By John Dupré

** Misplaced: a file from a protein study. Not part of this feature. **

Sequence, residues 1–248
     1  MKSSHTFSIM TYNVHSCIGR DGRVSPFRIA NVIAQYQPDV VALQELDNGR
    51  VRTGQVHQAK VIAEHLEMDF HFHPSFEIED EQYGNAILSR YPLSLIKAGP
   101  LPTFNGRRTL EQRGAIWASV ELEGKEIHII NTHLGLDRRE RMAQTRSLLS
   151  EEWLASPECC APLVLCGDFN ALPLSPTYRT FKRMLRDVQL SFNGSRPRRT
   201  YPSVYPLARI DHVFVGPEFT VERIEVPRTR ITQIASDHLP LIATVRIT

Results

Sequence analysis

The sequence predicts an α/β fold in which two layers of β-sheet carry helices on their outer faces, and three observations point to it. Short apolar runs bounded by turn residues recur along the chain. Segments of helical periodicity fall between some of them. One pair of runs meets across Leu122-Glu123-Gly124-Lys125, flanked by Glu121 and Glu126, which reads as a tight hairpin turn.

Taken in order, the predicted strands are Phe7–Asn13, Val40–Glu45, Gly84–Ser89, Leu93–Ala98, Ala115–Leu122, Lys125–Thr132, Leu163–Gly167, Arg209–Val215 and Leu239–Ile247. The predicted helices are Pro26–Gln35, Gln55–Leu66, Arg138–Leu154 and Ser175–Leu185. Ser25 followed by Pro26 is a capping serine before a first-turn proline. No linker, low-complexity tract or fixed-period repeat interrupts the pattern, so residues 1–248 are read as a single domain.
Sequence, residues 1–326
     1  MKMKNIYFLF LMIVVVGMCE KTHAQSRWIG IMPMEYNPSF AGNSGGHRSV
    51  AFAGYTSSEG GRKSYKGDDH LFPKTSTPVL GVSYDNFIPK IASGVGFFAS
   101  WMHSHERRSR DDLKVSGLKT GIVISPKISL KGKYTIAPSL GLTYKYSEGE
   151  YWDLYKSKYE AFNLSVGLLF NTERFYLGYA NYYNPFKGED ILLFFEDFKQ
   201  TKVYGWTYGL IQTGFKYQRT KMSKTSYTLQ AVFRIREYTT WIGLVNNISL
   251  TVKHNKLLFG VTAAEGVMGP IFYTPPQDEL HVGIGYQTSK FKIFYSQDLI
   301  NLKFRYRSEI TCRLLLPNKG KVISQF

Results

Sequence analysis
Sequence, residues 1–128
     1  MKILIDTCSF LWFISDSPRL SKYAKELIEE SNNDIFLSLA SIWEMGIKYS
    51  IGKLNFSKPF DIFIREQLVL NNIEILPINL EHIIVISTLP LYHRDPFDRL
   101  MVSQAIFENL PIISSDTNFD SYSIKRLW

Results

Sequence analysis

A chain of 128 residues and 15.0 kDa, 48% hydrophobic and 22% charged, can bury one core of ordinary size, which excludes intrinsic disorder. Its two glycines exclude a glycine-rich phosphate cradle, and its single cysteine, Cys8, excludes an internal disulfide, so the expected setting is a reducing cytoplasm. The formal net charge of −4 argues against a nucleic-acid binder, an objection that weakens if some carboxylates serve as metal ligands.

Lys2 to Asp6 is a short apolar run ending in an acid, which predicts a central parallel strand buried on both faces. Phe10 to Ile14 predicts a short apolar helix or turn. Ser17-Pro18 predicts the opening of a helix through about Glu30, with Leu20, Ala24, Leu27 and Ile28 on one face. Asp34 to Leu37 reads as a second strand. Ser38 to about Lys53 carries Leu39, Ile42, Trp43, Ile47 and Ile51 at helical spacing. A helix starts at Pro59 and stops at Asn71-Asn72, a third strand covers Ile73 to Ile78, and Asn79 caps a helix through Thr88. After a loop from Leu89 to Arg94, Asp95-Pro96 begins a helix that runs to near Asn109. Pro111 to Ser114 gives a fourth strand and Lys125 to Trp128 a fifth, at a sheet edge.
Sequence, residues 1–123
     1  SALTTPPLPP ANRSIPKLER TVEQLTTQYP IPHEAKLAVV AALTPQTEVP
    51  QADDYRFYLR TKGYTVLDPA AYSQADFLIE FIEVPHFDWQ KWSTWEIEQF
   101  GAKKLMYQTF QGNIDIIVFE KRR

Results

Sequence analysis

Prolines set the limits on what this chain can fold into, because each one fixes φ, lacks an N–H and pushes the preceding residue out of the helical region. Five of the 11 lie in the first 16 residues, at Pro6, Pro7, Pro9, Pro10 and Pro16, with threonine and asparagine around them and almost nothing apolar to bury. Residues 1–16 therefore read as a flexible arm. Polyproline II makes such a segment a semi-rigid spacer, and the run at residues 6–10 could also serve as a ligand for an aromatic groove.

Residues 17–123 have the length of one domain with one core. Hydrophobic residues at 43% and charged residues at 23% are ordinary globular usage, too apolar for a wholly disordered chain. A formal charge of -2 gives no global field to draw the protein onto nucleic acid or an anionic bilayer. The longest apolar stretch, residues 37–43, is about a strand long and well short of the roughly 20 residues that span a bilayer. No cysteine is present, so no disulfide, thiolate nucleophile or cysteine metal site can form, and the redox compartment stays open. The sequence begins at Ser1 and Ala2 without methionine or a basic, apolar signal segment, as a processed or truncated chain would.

Viruses are usually portrayed as stable and distinct individuals that do not fit the more integrated and collaborative picture of nature implied by symbiosis. In this paper (by John Dupré and Stephan Guttinger) we will contest this view. This paper first discusses recent findings in virology that show that viruses can be ‘nice’ and collaborate with their hosts, meaning that they form part of integrated biological systems and processes. It then offers various reasons why viruses should be seen as processes rather than things, or substances. Based on these two claims it argues that, far from serving as a counterexample to it, viruses actually enable a deeper understanding of the fundamentally interconnected and collaborative nature of nature. It concludes with some reflections on the debate as to whether viruses should be seen as living, and argue that there are good reasons for an affirmative answer to this question.